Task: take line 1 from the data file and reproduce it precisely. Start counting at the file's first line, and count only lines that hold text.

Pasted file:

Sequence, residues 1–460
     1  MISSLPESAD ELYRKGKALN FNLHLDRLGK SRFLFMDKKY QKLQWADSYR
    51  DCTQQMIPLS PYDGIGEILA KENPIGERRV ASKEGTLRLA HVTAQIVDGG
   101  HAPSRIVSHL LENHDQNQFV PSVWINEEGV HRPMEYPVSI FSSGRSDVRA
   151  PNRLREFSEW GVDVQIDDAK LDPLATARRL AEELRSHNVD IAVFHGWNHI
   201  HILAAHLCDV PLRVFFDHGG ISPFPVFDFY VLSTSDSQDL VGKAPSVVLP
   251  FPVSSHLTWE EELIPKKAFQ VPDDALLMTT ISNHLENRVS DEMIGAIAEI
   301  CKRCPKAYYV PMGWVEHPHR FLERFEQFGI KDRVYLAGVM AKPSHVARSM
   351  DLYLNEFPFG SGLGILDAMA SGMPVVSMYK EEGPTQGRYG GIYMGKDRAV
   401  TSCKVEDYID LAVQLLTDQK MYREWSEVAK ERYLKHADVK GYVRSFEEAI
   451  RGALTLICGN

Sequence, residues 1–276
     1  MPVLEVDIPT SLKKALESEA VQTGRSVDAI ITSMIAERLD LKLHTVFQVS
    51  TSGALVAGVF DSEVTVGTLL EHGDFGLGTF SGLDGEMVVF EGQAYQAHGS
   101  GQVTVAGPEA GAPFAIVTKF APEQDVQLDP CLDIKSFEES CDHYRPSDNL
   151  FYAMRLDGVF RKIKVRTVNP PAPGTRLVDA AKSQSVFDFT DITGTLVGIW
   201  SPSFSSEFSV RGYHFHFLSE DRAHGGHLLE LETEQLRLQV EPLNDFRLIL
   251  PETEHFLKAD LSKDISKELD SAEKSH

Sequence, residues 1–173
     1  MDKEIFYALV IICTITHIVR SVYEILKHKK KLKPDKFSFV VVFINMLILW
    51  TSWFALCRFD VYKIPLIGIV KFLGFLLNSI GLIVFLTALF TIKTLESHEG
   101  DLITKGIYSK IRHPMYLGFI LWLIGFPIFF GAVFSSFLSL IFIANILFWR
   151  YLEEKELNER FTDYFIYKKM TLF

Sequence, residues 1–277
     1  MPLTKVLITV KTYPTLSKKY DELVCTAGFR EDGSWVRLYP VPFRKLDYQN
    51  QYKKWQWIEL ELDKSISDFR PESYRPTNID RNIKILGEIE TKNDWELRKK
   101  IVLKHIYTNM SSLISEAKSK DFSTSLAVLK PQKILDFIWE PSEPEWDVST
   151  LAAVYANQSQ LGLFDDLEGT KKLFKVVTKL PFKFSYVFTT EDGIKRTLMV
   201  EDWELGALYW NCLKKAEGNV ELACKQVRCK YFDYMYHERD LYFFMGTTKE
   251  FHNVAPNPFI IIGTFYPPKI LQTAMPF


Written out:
Sequence, residues 1–460